Backup of Archer two servers, one DNS.
Running Archer 5.3 SP1
Windows Server 2008 R2
We currently have an RTC of 12 hours on the server and 1 hour on the database. We want to minimize this risk by adding another server and having both under one DNS; one hot and one cold. Both would use the same database. For anyone who doesn't know, a cold server is a backup server whose purpose is solely to be there in case the main server is lost or down.
Is this best practice? What are the implications of doing so. I know file attachments are hosted on the server but what else? Are the file attachment location values (in the db) relative or absolute?
Is there documentation on how to do a complete backup of the server, for the purpose of a fresh install?
Any help is appreciated.
How does adding a cold web-server minimize your risk if they both point towards the same database? If the database is down, both your web-servers (hot and cold) will be down too if they can't access the database.
In my experience, best practice would be setup your Production environment as a multi-host environment made up of your database server, which is then connected to by 2 or more load balanced web-servers, 1 or more services servers, and 1 or more job engines to make up the Production environment. You would then also maintain a redundant and identical system (1 DB, 2+ web, 1+ services, 1+ job) at another data center that would be your Business Continuity (BC) or Disaster Recovery (DR) environment.
These systems need to be continuously kept in sync for any change that takes place outside of the instance database, such as IIS settings, folder permissions, file repository / index / logging directory replication, etc. You also need to setup SAN replication, or another form of backup depending on your need, to keep a copy of your instance database in the DR environment.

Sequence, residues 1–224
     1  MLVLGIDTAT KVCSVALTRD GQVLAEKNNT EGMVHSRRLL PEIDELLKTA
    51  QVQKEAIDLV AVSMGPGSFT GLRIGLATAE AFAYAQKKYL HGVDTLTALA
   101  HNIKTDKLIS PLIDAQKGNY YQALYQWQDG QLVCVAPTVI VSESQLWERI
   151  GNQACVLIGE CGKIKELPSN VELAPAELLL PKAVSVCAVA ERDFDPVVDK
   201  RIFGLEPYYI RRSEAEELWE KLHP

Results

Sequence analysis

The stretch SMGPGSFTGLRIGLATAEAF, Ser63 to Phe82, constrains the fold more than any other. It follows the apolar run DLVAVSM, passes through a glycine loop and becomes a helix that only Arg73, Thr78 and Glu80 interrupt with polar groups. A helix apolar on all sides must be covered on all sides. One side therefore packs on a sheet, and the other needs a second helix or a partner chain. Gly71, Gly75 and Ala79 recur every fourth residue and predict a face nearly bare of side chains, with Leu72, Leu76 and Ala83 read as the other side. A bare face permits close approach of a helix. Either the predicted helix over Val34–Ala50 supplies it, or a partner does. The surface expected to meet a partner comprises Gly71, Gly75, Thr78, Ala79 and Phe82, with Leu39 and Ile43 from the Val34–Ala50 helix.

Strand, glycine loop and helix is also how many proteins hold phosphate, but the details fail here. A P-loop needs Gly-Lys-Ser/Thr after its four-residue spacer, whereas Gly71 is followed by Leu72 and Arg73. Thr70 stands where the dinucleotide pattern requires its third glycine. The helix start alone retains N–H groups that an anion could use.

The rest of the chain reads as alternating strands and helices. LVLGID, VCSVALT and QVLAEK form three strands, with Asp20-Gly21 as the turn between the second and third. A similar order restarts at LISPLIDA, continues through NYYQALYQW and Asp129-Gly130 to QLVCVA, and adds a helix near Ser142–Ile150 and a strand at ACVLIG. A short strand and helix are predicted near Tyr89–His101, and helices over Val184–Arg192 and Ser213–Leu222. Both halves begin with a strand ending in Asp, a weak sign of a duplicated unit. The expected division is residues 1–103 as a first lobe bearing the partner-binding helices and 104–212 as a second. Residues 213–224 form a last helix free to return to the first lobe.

We've operated under the above model for nearly 2 years now, and we exercise it quarterly to ensure it works. There was a lot to work out initially, but once we had that done and the process down, we can now fully recover our entire system at the BC/DR site in under an hour.
Since your objective is expressed in RTC and because RTC is the demonstrated time it takes to recover (including verification time), the key activities that will help you reach this objective are:
- Clear roles and responsibilities
- Clean documentation and procedures
- Scenario analysis (this is key and will help you understand when the cold server you propose would truly be helpful and when it would be useless)
- Regular exercises (and this last item is probably the most important of all and unfortunately most often forgotten one)
My guess is that your team preparedness and frequency of exercise will have a stronger effect on your RTC than the technological design of the solution.